Part 1. An American Tourist in France: Touching Down

NOTE: The Author would like to gently point out that his observations are his and his alone, and they are not meant to be some sort of factual record on what Paris is. This is simply a collection of observations on what he experienced for 8 days in Paris during the summer of 2011. It is meant to be an honest account of his feelings and experiences, but should not be taken as complete truth to what Paris and France are. How could it? That's ridiculous. With that...

I've been anticipating this trip for over two decades, having succumbed to the romanticism of Paris at an early age.

I took French for four years, and despite the fact that I couldn't even properly put together a sentence by the time I finished, I'm still very much in love with what I think Paris is. Any good melodramatic man or woman is, and that certainly includes The Angel. The difference is, she's been there once before, so she knows what to expect.

I don't.

I can only hope it lives up to the expectations in my head, because anything less will be a disaster of sorts, as you know how these things go. I don't want Paris to be The Phantom Menace of travelling, so I'm doing my best to temper my excitement, though part of me is wondering if they'll have a parade awaiting my arrival: Bonjour Jacobs High School French Club President of 1995!

Yes, I was the French Club President in high school. I even wore a fake mustache and showcased my spotty french to grade schoolers in what is no doubt the last puppet show I'll ever take part in. Truth be told, the ascension to French Club President remains as the shining example in my life where I reached Ferris Bueller-like levels of mischievous brilliance. My French teachers had warned me that senior year of French was serious stuff, and my dependence on extra credit to get me by in previous years would not be tolerated. I would have to... you know... actually know what I was saying. This was obviously an impossibility, something even my gangly teenage mind comprehended. So I figured out the one way they couldn't fail me- you guessed it, French Club President.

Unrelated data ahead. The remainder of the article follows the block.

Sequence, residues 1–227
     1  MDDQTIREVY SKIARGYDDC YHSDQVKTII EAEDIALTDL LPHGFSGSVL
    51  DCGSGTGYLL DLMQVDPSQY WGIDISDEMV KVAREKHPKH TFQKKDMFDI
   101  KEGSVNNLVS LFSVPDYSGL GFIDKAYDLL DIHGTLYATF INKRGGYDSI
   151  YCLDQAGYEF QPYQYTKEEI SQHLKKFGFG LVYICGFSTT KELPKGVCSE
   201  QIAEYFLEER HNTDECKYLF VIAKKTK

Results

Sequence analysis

I won in a runaway campaign that largely rested on the preposterous notion that I, the guy who knew next to no French, could be the President. Ah, the sweet taste of an early look at a hipster driven democracy. Even my teachers couldn't fail the French Club President, and extra credit won out again in an epic C- bid.

Somewhere they must be proud I had made it to France, a concession for passing me years ago.

After lengthy flights which did nothing to aid my already ailing back and knee, I am about to land in France. Just outside Paris to be exact. I am with The Angel, her sister, and her parents. This is my fifth trip with the in-laws, and a casual routine has now developed between us. Despite the fact that I am constantly wondering if I'm acting like an ass, I generally can be myself around them at this point. Not to be trite, but I feel like I'm with Mom and Dad now. And without them, I might never have seen my dream of visiting Paris come true. I am without question, extremely grateful for the opportunity they are giving me, and I silently hope they know just how grateful I am. Mostly I wonder this when I'm potentially being an ass. At any rate, here we are.

The first thing I am struck by is the level of greenery surrounding us as we touch down at Charles De Gaulle. This is nothing like coming into LAX or O'Hare, which suffocates you with industry and concrete. Here there are fields of green and nary a traffic jam on the roads leading to it. It's beautiful. Inviting.